Atlantic Yards housing not permanently affordable; units in first tower would last 35 years; stay tuned for tweaks

Also see FAQ on upcoming hearing.

Surely the biggest selling point for Atlantic Yards, outside the "new home team," has been the promise of affordable housing, an amorphous concept that no one dares oppose in the abstract.

There are lots of reasons to be skeptical about the housing promises, but one aspect has gained very little attention (including from me): the housing would not be permanently affordable. The affordable units in the first tower, for example, would last some 35 years.

No wonder documents from Empire State Development (ESD), the state authority overseeing/enabling Atlantic Yards, do not address the issue of permanent affordability. And ESD was somewhat cagey with me when I inquired about this basic fact.

A 35-year term (or 30-year one) is not out of line with many other subsidy programs in New York City. However, in some cases, as with the recent agreement at the Domino site in Williamsburg, the housing will be permanently affordable.

In fact, the city's Inclusionary Zoning program, which offers developers increased density in exchange for the creation or preservation of affordable housing (on- or off-site), requires permanent affordability. After all, the density bonus is permanent, too. Atlantic Yards is a state project, not a city one, but the state override of zoning resembles a privately negotiated inclusionary zoning bonus--but without permanent affordability.

So, it's possible that the affordable units in first Atlantic Yards tower, scheduled to open in late 2015, will be more than halfway through their cycle of affordability by the time the last building opens, given a 2035 "outside date" for project completion.

Other cities do much better at longer or permanently affordable terms. So the Association for Neighborhood and Housing Development (ANHD), a trade association for neighborhood-based housing groups, has pushed for permanent affordability, as in a Spring 2010 report, A Permanent Problem Requires a Permanent Solution.

Touting Atlantic Yards

Consider how, as Atlantic Yards faced its first round of approvals in October 2006, Forest City Ratner circulated the flier excerpted above right, claiming "Atlantic Yards will create over 6,800 new units of badly needed mixed-income housing for Brooklyn."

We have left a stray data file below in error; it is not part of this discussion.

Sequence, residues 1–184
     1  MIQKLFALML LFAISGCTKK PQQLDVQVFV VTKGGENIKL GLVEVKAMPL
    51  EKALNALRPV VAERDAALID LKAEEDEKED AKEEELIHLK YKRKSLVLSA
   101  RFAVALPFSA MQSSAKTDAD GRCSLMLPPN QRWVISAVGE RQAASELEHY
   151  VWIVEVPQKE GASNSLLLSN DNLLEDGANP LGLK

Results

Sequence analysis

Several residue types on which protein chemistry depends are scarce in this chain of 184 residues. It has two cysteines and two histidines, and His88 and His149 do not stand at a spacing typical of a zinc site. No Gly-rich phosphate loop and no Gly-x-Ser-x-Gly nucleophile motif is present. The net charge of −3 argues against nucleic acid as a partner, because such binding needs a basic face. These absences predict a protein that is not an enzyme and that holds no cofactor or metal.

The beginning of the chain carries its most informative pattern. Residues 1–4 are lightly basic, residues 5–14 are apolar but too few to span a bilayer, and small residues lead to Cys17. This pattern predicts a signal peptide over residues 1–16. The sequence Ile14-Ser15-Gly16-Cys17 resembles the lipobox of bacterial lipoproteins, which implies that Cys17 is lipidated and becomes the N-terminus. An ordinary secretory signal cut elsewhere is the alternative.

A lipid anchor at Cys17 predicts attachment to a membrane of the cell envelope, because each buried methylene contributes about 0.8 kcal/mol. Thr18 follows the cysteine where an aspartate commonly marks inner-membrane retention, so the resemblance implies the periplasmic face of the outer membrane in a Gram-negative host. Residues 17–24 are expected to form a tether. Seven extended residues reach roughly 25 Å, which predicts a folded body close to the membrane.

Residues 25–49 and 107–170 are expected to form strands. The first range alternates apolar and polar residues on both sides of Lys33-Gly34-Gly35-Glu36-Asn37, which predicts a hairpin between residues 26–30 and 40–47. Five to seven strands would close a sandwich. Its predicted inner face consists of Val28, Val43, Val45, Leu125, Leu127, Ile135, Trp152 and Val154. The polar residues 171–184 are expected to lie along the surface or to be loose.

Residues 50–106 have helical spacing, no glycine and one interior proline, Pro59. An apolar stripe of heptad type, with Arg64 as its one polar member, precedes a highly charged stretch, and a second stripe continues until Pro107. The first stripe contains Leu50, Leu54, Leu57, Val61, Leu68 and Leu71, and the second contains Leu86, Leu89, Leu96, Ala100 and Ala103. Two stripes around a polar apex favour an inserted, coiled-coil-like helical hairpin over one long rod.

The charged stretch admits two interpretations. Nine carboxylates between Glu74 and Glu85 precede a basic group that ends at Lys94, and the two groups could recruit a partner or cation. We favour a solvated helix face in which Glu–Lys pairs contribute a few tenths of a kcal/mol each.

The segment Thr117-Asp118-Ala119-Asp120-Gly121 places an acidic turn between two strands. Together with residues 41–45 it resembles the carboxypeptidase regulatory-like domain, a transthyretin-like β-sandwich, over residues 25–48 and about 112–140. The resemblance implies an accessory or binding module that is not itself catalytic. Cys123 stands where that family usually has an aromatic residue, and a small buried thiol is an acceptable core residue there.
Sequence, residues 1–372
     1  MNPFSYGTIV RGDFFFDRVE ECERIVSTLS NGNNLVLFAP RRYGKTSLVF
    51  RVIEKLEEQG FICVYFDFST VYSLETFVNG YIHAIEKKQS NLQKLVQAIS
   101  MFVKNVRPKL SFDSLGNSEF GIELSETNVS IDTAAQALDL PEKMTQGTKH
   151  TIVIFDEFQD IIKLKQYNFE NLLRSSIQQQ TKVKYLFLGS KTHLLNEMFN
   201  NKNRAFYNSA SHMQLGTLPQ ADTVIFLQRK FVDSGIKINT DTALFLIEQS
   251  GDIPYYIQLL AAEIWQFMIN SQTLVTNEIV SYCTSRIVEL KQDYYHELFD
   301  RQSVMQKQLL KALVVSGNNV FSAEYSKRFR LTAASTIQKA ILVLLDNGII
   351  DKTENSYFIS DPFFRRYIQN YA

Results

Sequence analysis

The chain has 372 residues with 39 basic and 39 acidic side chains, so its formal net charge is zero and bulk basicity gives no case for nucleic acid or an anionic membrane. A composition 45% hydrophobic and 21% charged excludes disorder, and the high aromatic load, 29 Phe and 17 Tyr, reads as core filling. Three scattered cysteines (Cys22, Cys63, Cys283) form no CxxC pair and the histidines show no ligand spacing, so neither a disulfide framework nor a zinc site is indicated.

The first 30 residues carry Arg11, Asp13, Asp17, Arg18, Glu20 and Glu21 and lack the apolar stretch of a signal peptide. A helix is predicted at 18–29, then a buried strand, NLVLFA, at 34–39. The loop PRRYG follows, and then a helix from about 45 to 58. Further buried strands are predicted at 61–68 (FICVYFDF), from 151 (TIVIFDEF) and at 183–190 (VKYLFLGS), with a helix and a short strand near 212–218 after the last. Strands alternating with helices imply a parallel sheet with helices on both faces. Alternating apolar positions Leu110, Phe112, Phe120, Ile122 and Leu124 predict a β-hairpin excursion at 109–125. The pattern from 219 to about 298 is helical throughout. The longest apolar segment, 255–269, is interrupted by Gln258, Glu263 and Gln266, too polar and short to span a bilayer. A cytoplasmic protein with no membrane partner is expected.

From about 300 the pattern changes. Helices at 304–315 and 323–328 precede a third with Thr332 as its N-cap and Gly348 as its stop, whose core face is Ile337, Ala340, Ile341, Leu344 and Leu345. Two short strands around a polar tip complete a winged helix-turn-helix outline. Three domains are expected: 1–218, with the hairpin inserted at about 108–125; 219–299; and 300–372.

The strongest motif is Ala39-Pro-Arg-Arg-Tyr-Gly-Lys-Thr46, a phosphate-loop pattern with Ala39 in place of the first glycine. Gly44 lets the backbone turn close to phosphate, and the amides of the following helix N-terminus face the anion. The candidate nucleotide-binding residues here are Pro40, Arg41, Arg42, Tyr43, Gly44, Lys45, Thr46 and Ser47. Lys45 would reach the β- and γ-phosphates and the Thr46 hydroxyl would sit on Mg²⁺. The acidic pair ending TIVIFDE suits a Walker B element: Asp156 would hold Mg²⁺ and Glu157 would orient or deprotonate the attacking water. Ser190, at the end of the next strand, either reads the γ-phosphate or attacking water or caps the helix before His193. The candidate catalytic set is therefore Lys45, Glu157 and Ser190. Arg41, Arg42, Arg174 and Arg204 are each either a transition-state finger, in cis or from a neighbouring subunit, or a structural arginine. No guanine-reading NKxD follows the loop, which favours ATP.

Of course, the units are not "for Brooklyn" and Atlantic Yards will not "create" the apartments out of nothing. The affordable units require an allotment of scarce subsidies, which might provide more bang for the buck elsewhere.  (The total planned is now 6430 units, including 4500 rentals.)

While 2250 rental units--50% of the total-- would be subsidized low-, middle-, and moderate-income apartments, they've taken a long time to be delivered.

We've since learned that, in the first tower, Forest City will not come close to meeting its goal to have 50% of the affordable units, in square footage, be devoted to family-sized 2BR and 3BR units.

Not only are there no 3BR units, the 2BR units are not distributed evenly, with the largest number (15 of 35) assigned to the highest-income affordable "band," households earning $116,201 to $132,800 as of 2012, as noted in the graphic above.

Rent would be $2740 according to 2012 standards, surely higher by 2015. And while that's well below market rent, and would be welcomed by some in the brutal Brooklyn market, such units do little for the core constituency, organized by ACORN, that rallied so hard for Atlantic Yards.

The Atlantic Yards deal

There was surely an argument for permanent affordability. After all, the developer not only gets increased density in perpetuity, it also gets eminent domain and other government aid.

Now that the Chinese government-owned Greenland Group, Forest City Ratner's new joint venture partner/overseer, will own 70% of the project going forward, it's tough to imagine the city and state would have been as generous had the Chinese government been promising affordable housing in exchange for a density bonus.

During a conference in 2007, Bertha Lewis, who negotiated the Atlantic Yards housing deal as head of New York ACORN, suggested that any development done on city or state land be subject to a land trust, so it would be “affordable forever, not 30 years, not 40 years.”

When it came to a project partially on state land, Atlantic Yards, ACORN didn’t push for such a deal. The Atlantic Yards Community Benefit Agreement states says affordability will be guaranteed for a “period of thirty years.” The major subsidy program--the 50/30/20 program--that the project would rely on typically uses a 30-year term, to parallel the tax-exempt financing.

Drilling down

I contacted Empire State Development with a simple question, about the term of the housing in the first tower, and I couldn't get an answer. I was told to contact the mayor's office. Instead, I looked at documents available on the web site of the New York City Housing Development Corporation (NYC HDC).

The official statement for the first tower, known as 461 Dean Street or B2, states on p. 10:
Apartments in the Project be subject to rent regulation for 25 years in accordance with the New York City Rent Stabilization Code and that the Low Income Rental Apartments and Middle Income Rental Apartments be subject to rent regulation for not less than 35 years in accordance with the New York City Rent Stabilization Code.
In NYC HDC board materials, p. 2 states:
Following initial occupancy, rents on the Project will be subject to Rent Stabilization. Pursuant to the terms of a regulatory agreement to be executed by the Corporation and the Mortgagor..., the occupancy restrictions will remain in effect for as long as the Bonds are outstanding and for a minimum of thirty (30) years from the date the Project is first occupied. Both the low and middle-income tenants in occupancy at the expiration of the Occupancy Restriction Period will be protected by the terms of the HDC Regulatory Agreement, which mandates that the tenants be offered continuous lease renewals in accordance with Rent Stabilization.